a. Parameter file view:

select '['fol.folder_name'.WF:' wfw.workflow_name']' header
,pmr.parameter_namenvl2(dtl.logical_name, '_'dtl.logical_name, NULL)'='
dtl.value detail
from folder fol
,parameters pmr
where = wfw.folder_id
and dtl.pmr_id =
and dtl.wfw_id =
and dtl.session_name is null
select '['fol.folder_name'.WF:' wfw.workflow_name'.ST:' dtl.session_name']' header
,decode(dtl.mapplet_name, NULL, NULL, dtl.mapplet_name'.')
pmr.parameter_namenvl2(dtl.logical_name, '_'dtl.logical_name, NULL)'=' dtl.value detail
from folder fol
,parameters pmr
where = wfw.folder_id
and dtl.pmr_id =
and dtl.wfw_id =
and dtl.session_name is not null

b. FOLDER table

FOLDER_NAME (varchar50)
DESCRIPTION (varchar50)

c. WORKFLOWS table

WORKFLOW_NAME (varchar50)
DESCRIPTION (varchar50)


PARAMETER_NAME (varchar50)
DESCRIPTION (varchar50)


LOGICAL_NAME (varchar50)
VALUE (varchar50)
SESSION_NAME (varchar50)

• LOGICAL_NAME is a normalization initiative in the above parameter logic. For example, in a mapping if we need to use $$SOURCE_FX as a parameter and also $$SOURCE_TRANS as another mapping parameter, instead of creating 2 different parameters in the PARAMETERS table, we create one parameter $$SOURCE. Then FX and TRANS will be two LOGICAL_NAME records of the PARAMETER_VALUES table.

• m_PARAMETER_FILE is the mapping that creates the parameter file in the desired format and the corresponding session name is s_m_PARAMETER_FILE.

Thursday, April 2, 2009

Designing the mapping/workflow efficiently - part II

In few of my other blog articles, I've been mentioning about the push down optimization. In simple terms, try to push as much processing as possible into the database source or target based on the necessity. I will explain few instances where we can do so.

Using analytics

Instead of using aggregator transformation or a combination of sorter/expression/filter for occassions when they are demanded, we can make use of the anlytic functions of the database. For eg: While reading your source data from the table, you may need to identify the last record from the source. For this requirement, the first option that comes into mind is something like this:

One source pipeline picking up the data records and the second pipeline counting the number of source records and eventually you equate that number to the current record number. When they are equal, it implies that the current record is the last record from the source.

As I said earlier, people resort to a count(*) and GROUP BY from SQL or an aggregator/sorter/expression/filter combination for the same. Instead of this, the analytic functions provide you greater flexibility. The same task can be acheived with the below SQL.

select col1,
lead (col1) over (order by input_sort_criteria) next_record
from table_name

For the last record with the given "input_sort_criteria", the value will be NULL.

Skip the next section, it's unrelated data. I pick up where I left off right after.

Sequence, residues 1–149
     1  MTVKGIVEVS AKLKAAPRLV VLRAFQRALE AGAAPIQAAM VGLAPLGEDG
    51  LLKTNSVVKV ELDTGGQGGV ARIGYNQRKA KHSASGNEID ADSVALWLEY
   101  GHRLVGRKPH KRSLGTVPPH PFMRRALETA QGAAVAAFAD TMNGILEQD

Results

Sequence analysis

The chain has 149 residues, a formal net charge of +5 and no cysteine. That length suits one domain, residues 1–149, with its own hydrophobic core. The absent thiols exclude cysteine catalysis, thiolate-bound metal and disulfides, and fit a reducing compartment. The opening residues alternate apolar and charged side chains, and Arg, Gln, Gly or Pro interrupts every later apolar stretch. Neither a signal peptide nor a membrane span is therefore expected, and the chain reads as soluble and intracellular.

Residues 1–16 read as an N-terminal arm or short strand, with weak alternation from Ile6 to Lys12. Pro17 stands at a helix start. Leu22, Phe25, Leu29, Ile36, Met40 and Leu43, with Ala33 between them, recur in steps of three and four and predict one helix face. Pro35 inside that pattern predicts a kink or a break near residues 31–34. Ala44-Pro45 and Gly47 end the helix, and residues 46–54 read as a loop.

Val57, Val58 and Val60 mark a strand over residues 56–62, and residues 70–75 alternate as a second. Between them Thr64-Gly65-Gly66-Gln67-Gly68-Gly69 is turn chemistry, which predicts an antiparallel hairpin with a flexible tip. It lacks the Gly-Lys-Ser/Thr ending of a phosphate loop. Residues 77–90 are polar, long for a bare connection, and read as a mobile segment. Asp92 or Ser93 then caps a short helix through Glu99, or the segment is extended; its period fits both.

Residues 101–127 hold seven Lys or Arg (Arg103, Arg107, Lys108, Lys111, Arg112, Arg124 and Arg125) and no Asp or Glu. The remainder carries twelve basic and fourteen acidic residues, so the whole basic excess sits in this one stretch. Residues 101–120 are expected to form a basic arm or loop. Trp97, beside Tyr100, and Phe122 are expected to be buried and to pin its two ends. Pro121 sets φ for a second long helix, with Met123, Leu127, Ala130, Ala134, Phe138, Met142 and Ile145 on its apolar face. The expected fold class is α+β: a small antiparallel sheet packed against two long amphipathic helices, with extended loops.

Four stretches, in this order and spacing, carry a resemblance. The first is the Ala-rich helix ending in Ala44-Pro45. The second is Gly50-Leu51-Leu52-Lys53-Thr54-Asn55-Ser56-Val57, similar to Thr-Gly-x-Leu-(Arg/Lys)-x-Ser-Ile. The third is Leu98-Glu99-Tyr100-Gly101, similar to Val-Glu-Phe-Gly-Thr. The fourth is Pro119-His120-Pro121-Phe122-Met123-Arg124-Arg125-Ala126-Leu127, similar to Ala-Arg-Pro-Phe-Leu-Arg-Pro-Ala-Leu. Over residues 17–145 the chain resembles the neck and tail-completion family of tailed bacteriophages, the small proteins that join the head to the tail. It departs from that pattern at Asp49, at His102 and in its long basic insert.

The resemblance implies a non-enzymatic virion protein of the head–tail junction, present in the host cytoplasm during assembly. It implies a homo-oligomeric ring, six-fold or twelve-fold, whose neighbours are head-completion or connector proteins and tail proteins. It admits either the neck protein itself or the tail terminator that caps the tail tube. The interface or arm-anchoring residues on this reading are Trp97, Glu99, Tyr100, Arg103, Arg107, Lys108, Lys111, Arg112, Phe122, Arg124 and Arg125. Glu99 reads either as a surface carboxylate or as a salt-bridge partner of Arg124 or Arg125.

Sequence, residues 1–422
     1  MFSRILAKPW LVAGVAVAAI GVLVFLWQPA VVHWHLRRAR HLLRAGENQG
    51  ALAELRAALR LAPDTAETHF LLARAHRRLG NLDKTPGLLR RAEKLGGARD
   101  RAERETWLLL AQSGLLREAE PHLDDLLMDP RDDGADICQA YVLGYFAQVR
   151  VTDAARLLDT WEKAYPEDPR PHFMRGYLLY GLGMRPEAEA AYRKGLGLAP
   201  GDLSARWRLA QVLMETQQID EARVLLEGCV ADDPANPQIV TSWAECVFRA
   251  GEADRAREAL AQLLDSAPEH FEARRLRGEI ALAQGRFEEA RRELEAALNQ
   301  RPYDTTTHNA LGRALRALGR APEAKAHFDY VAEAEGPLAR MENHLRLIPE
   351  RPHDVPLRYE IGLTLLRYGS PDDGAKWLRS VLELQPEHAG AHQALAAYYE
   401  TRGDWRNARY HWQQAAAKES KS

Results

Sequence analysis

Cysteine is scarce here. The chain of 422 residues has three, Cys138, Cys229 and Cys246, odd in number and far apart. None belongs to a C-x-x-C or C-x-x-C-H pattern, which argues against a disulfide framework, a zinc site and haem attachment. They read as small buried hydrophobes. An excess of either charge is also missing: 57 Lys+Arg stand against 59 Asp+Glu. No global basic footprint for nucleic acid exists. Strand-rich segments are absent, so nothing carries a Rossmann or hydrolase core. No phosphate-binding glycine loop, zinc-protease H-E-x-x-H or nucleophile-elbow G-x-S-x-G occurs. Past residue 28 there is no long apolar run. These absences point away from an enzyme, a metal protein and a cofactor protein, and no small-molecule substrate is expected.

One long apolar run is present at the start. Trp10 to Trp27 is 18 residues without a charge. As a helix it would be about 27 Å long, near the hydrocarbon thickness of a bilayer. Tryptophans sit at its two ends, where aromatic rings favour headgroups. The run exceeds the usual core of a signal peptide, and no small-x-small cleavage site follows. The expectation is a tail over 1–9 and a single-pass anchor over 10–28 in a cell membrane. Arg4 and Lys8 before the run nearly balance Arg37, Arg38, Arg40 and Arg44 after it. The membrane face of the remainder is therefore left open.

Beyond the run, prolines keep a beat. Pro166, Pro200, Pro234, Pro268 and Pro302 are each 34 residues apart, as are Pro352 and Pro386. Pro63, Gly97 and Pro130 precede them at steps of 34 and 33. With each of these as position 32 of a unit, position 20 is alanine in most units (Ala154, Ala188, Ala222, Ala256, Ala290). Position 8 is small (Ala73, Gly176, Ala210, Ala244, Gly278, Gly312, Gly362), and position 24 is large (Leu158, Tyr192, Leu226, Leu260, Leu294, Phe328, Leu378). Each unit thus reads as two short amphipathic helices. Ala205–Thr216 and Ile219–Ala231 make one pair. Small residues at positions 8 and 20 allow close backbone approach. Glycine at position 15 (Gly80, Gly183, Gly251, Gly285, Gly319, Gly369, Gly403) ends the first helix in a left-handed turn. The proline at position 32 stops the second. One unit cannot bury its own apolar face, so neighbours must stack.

Avoid Stored Procedures

I have seen many mappings with unnecessary usage of Stored Procedures. Stored Procedures "are" performance killers. If run for every record in the source, stored procedures consume much of the workflow run-time. A database connection has to be established each time for a record and then the execution takes place in the database. As you can see, this beahviour leads to worst performing interfaces.

A general guideline is that when you can do it in PowerCenter using transformations, do not use store procedures.


The two sections in this article seem to be conflicting with each other. In the first section, I've urged you to push as much processing as possible to the database and in the second section, I'm suggesting you to avoid database.

The difference here is when you connect to database using a Lookup or Source qualifier or pre/post-SQL procedures, you are really connecting to the database only ONCE for all the source records. When you connect to the database using a stored procedure transformation that is called for each record, then you are connecting to the database for as many times as the number of records in the source.

When you have a vehicle (a loading/unloading truck) at your disposal, would you take 100 bricks from one place to the other place at a time or each brick at a time in the vehicle?

Monday, January 5, 2009

Database Indexing for the Lookup SQL - A myth

I have seen people suggesting an index to improve the performance of any SQL. This suggestion is incorrect - many times. Specially when talking about indexing the condition port columns of Lookup SQL, it is far more "incorrect".

Before explaining why it is incorrect, I would try to detail the functionality of Lookup. To explain the stuff with an example, we take the usual HR schema EMP table. I have EMPNO, ENAME, SALARY as columns in EMP table.